All Yellow

All Yellow

Phew it’s been busy around these here parts.  Busy.  Busy as bees.  Busy as bees with an overloaded schedule and waaaay to much coffee.  That kind of busy.  What with harvesting 4 billion tomatoes (official count to date), other garden produce, taking meat birds to slaughter and homeschooling, working, cooking, cleaning etc (ok not that much cleaning) our botties have barely stopped moving.

Luckily I still found time in my jam packed schedule to drive out to a thrift store, pick up a $7 crock pot and render our beautiful beeswax left over from the cappings we took during Honeyfest 2012.  See, I know how to prioritise.   I used the method outlined in this video and guess what?  It worked perfectly!  Many thanks to the lady who made that great video, perfect for a home wax processor with just a bit to do.

 

 

Basically the method is to melt your cappings in a crock pot, strain it through a pair of tights into a container (the only tights I was able to sacrifice were fucsia) which sifts out the yucky stuff and allows the pure wax and honey to filter through.  I was frankly shocked by how much residue there was at the end, our cappings were muckier than I thought!  The honey sinks to the bottom of the container and the wax rises, once it cools you wash it off and voila!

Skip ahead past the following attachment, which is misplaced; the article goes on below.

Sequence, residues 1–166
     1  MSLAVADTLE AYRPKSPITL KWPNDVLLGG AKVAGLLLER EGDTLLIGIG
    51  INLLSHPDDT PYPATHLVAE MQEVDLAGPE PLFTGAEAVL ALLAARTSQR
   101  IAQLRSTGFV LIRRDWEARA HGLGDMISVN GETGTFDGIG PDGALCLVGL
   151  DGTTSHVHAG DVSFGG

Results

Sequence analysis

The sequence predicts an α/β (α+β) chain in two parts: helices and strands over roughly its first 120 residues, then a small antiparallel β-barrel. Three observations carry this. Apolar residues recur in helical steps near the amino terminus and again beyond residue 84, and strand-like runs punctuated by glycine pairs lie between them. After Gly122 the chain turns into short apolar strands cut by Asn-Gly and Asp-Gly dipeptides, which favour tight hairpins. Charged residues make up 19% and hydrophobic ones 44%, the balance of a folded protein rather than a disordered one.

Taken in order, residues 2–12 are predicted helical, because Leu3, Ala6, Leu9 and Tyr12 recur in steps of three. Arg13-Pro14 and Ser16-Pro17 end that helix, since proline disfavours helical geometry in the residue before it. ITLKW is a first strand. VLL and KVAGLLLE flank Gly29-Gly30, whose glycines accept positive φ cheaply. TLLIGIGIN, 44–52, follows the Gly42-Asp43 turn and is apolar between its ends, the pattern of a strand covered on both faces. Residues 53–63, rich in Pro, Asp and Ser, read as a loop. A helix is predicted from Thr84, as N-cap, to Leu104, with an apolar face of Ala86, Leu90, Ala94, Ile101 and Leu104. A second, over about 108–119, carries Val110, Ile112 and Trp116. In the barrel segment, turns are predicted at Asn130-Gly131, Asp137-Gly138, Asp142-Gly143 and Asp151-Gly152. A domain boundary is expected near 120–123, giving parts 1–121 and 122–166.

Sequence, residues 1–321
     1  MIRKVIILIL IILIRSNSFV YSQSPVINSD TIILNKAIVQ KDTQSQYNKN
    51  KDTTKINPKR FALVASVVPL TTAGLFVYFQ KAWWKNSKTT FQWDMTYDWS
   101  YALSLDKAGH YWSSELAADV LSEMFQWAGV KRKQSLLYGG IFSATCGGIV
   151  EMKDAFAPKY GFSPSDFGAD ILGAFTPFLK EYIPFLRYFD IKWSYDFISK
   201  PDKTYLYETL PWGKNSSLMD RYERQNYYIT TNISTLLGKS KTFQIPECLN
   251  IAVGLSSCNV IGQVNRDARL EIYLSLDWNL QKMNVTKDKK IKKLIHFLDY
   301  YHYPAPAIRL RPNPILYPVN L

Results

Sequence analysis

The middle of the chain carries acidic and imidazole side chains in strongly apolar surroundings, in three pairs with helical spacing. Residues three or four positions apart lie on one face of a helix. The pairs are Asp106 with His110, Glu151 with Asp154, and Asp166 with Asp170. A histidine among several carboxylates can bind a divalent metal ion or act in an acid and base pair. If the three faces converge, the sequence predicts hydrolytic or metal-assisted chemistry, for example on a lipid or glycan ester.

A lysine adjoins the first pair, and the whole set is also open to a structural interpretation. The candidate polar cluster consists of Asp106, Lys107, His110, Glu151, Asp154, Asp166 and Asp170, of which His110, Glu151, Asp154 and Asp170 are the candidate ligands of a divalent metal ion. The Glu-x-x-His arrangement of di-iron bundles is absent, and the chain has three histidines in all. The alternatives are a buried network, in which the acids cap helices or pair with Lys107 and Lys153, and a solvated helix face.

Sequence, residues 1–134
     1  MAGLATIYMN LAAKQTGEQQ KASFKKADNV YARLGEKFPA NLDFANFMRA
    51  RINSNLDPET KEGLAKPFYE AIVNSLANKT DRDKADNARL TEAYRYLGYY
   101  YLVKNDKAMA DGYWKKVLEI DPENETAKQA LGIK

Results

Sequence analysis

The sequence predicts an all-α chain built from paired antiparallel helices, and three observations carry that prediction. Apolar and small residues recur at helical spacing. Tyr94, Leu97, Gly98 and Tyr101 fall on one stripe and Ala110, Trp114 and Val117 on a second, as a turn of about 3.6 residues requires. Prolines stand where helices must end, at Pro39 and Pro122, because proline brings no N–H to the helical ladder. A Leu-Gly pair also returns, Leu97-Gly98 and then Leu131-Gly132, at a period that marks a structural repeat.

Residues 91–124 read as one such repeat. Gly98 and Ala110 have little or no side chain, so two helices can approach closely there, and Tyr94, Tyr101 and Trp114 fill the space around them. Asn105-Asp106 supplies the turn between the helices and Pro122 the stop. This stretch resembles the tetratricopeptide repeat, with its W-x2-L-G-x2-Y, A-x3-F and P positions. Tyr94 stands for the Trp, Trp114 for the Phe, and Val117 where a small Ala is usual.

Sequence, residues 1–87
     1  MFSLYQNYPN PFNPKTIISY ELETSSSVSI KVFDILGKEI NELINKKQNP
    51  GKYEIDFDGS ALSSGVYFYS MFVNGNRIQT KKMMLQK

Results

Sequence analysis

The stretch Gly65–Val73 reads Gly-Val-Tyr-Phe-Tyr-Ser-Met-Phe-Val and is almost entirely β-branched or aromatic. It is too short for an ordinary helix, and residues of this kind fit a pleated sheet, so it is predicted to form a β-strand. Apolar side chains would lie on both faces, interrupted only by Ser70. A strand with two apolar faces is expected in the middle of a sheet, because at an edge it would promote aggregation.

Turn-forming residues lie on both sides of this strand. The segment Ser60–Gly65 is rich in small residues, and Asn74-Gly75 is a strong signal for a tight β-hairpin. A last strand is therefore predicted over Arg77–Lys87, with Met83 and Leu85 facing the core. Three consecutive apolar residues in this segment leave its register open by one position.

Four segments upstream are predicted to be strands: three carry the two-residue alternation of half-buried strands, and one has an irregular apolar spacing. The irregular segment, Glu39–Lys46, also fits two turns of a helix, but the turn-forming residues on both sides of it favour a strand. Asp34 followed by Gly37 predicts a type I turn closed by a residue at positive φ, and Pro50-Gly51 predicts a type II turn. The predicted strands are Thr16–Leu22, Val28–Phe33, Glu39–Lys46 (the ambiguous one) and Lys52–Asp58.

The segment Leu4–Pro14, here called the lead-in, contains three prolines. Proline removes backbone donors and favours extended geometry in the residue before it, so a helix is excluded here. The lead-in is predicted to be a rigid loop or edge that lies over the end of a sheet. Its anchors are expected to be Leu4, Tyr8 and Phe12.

It was so wonderful to see that pale yellow skin form, slowly building and then setting into a thick block.  When I lifted out the first one and scraped the honey off I could barely believe how beautiful it was.  Like hardened sunshine.

 

The jar the honey is in is one I rescued from an old shed on our land the first spring it belonged to us.  I wanted to take something of this place back to our rental house as we tried to dream this life into existence.  Looking at it reminds me how far we’ve come, how much has changed and how much there is to look forward to.

This Christmas I’ll make beeswax ornaments with the boys with our own wax.  We’ll hang them on the tree to release their smoky sunshine scent into our home, reminding us of this extraordinary summer.

One thought on “All Yellow

  1. Thank you for sharing your process. I am starting this today. How long did you have to cook it? I like your analogy of the beeswax to sunshine too 🙂 We can all use a little sunshine in the wintertime.

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